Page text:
Common Injuries in Dog Bite Claims
As medical costs rise, the monetary settlements in animal attack claims have increased even faster. In fact, such settlements have increased 76 percent since 2003.
Victims in these cases have several legal options, and each one has some pros and cons. For example, Florida has a limited strict liability law. Animal owners are generally liable for bite injuries as a matter of law. Victim/plaintiffs need only prove causation. However, this law excludes many knockdown injuries. Additionally, damage awards are often lower in these claims, since the owner was often not negligent. Other possible claims include ordinary negligence and negligence per se.
Because of all these options, and also because one of several insurance company defenses might apply, it’s important for a Brandon personal injury attorney to review your case and represent you throughout the process.
Primary Physical Wounds
Dogs bite millions of Americans every year, and many of these victims have several types of severe physical injuries. Such wounds often require long-term treatment in specialized, and expensive, care facilities.
As mentioned, the knockdown often causes more serious injuries than the bite. When large dogs suddenly lunge at vulnerable victims, the resulting injuries include things like:
- Head injuries,
- Broken bones, and
- Internal injuries.
That vulnerability could be the victim’s age or physical shape. Alternatively, the vulnerability could be a pre-existing medical condition. Regardless, full compensation is usually available, because of the eggshell skull rule.
When dogs bite, their teeth often cause severe surface lacerations. These injuries are usually very difficult to address. Frequently, the victims must still deal with scars and other lingering deformities.
When some dogs bite, they do not sink their teeth into the victim. Some dogs have limited jaw movements, either because of physical construction or genetic makeup. But more often than not, a dog’s teeth cause deep puncture wounds.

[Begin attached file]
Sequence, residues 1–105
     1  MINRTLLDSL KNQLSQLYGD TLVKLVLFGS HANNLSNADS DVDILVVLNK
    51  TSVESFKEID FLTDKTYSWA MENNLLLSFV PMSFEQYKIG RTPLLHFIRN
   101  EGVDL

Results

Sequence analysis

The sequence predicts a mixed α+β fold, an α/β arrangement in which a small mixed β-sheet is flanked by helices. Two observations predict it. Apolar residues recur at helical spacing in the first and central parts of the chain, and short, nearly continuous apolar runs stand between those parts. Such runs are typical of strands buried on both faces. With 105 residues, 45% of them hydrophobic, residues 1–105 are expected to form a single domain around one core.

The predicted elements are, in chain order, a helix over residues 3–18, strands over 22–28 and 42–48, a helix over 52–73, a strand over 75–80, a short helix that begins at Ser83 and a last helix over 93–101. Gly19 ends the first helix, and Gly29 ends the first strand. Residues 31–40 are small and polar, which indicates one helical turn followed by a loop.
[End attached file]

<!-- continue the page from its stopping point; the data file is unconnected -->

Such injuries exacerbate the aforementioned internal bleeding. The knockdown causes organs to bump and grind against each other. And, the puncture wounds pierce vulnerable organs.
Primary Emotional Injuries
In a large number of cases, dog bites also cause brain injuries, mostly Post Traumatic Stress Disorder. That’s especially true if the victim was a child. Some of the symptoms include:
- Heightened awareness,
- Unnatural fear of all dogs,
- Nightmares, and
Symptoms like these make it difficult or impossible to function at home, school, work, or almost anywhere else.
PTSD is a physical brain injury. The stress causes chemical changes in the brain. These injuries are permanent. Once brain cells die, they do not regenerate. However, extensive physical therapy often eases the symptoms. Experienced brain injury therapists can train uninjured areas of the brain to assume the lost functions.
Many dog bites cause Capnocytophaga and other bacterial infections. These painful infections significantly increase the victim’s emotional distress levels. Additionally, if the vulnerable victim had an allergy or pre-existing condition, Capnocytophaga infections can be life-threatening.
These infections are especially common in rural and semi-urban areas. Typically, it takes these victims longer to reach the hospital. A few extra ticks on the clock could make a big difference.
Frequently, an attorney must file a separate legal claim to obtain compensation for infection-related injuries. Such claims are often easier to win, because doctors and other medical professionals have a very high duty of care.
Connect with Tenacious Attorneys
Dog bite victims might be entitled to substantial compensation. For a free consultation with an experienced Brandon personal injury attorney, contact Reed & Reed, Attorneys at Law. We have four area offices (St. Petersburg, Lakeland, Tampa, and Clearwater).